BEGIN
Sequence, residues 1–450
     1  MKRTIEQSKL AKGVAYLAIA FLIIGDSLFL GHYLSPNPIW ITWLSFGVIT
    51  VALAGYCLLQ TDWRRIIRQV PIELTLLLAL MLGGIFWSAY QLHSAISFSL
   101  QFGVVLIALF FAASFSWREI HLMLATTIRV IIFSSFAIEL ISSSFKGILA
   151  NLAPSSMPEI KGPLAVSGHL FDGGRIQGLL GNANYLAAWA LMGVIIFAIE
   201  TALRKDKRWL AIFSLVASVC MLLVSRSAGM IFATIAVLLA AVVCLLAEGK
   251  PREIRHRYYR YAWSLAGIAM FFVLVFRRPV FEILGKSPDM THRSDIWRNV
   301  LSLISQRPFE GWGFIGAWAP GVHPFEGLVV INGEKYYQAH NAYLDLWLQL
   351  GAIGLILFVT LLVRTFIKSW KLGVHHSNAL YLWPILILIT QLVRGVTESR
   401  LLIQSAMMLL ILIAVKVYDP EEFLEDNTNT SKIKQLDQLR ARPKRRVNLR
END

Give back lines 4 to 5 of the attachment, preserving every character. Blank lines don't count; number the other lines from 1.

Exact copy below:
   101  QFGVVLIALF FAASFSWREI HLMLATTIRV IIFSSFAIEL ISSSFKGILA
   151  NLAPSSMPEI KGPLAVSGHL FDGGRIQGLL GNANYLAAWA LMGVIIFAIE